Bread and Roses: Kabul under the Taliban, as seen by Sahra Mani

Bread and roses

In 2018, Sahra Mani‘s hard-hitting A Thousand Girls Like Me documented a young Afghan woman and incest victim in her quest for justice. In Bread and Roses, the Afghan director shines a light on how the women of Kabul are seeing their rights stripped away. A Special Screening that leads us deep into the abyss of life under the Taliban. Here’s her interview with the Festival de Cannes.

How did you manage to film this documentary at a time when Kabul is in the Taliban’s hands?

This wasn’t an easy film to make. Now that women can no longer leave the house without the veil, I thought we should tell their stories, the stories of extraordinary women living under the Taliban’s theocratic rule. The safety of the film crew and the people we filmed was our priority. Danger was everywhere, and unfortunately there were some arrests.

Your last documentary, A Thousand Girls Like Me, also covered one woman’s fight for her rights.

Both films show the reality for women in my country. All the women in my life are a source of inspiration. Most of my classmates were married off when they were minors. I watched them head off on their honeymoons as if they were lying down in caskets, their dreams in pieces. It was a horror show. Both of these projects strike me as vital. I had no choice but to make these films.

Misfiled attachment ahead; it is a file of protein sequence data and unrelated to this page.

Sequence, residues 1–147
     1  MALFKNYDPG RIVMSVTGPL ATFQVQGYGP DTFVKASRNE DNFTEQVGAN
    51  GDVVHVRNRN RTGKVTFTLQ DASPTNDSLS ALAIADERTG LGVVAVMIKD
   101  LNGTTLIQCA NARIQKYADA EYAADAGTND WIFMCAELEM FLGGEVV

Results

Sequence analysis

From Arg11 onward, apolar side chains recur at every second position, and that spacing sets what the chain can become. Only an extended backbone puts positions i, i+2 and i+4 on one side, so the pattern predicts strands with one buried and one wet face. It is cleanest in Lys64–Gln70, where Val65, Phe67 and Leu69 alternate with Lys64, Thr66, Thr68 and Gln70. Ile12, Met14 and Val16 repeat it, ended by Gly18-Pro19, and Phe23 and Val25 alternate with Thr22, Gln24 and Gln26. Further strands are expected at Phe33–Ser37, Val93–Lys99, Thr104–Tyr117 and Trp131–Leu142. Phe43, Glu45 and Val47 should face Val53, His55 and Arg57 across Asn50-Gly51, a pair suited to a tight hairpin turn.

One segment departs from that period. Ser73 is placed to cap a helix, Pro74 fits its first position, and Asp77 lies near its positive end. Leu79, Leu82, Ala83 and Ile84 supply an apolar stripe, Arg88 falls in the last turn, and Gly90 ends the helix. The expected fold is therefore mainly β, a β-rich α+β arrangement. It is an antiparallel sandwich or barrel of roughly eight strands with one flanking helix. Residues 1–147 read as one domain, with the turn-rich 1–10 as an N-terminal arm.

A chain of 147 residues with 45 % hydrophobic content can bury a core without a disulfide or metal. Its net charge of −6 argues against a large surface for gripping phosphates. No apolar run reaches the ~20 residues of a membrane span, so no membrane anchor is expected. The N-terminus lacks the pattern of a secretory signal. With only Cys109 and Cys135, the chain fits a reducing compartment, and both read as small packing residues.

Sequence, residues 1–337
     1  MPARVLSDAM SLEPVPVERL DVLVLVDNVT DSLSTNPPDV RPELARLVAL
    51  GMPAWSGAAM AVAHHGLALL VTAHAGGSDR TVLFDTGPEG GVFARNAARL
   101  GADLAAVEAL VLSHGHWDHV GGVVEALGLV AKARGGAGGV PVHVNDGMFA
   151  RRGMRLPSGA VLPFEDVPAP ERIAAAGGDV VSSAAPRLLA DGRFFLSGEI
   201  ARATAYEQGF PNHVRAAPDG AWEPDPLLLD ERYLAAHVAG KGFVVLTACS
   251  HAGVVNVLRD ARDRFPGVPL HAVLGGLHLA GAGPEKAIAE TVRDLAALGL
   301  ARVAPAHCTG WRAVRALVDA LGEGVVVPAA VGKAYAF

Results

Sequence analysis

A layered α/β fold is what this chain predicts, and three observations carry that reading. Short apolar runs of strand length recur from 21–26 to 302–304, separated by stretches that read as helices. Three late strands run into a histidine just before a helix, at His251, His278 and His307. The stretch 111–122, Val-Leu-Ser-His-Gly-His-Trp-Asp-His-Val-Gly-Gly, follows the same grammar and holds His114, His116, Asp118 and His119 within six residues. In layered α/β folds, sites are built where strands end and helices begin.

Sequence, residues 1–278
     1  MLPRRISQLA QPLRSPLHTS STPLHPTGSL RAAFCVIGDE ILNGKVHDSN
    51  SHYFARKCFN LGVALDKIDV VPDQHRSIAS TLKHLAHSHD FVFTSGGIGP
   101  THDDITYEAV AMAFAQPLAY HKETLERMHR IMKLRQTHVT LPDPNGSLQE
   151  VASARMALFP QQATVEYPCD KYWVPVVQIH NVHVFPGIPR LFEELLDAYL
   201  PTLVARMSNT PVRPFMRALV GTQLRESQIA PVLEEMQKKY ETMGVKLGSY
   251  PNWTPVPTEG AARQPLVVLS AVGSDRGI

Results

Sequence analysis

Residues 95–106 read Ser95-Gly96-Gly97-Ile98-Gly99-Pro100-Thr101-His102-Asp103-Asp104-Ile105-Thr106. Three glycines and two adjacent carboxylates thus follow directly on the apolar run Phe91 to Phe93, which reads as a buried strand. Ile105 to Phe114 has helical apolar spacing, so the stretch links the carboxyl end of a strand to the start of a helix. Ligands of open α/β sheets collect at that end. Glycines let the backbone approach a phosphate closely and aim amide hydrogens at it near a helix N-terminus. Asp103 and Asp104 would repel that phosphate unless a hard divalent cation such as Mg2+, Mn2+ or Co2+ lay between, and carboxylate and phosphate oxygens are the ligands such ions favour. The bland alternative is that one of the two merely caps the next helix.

Tell us about the women in the documentary.

These are three modern women living in a community where they aren’t allowed to go back to work or study. If we want to build a future in Afghanistan, we’re going to need educated women capable of harnessing their talents to better society. The way in which their lives have changed under the Taliban is an everyday reality for us, it’s life under a dictatorship, a cruel reality we cannot ignore.

Is the title a nod to Bread and Roses by Ken Loach?

Ken Loach is my favourite filmmaker, but the title is actually a reference to the famous American political slogan and the poem by James Oppenheim. In my film, you see Afghan women chanting “Bread, work, education and freedom!”. That’s what they want, they’re demanding their basic rights. The rose could be seen as a symbol of freedom and dignity.

Resilience is one of the film’s central themes. How do we find hope in the most desperate of situations?

I’m always thinking about the best way we as humans can live with our pain. Humour is a good way of coping with all this misery, but it isn’t always enough.

At present, the dire situation in Afghanistan is the work of the men who lead us, not God. We know it. We need to put an end to it. We’ve said it before, and we’ll say it again: to make peace with the Taliban is to condemn the women of Afghanistan.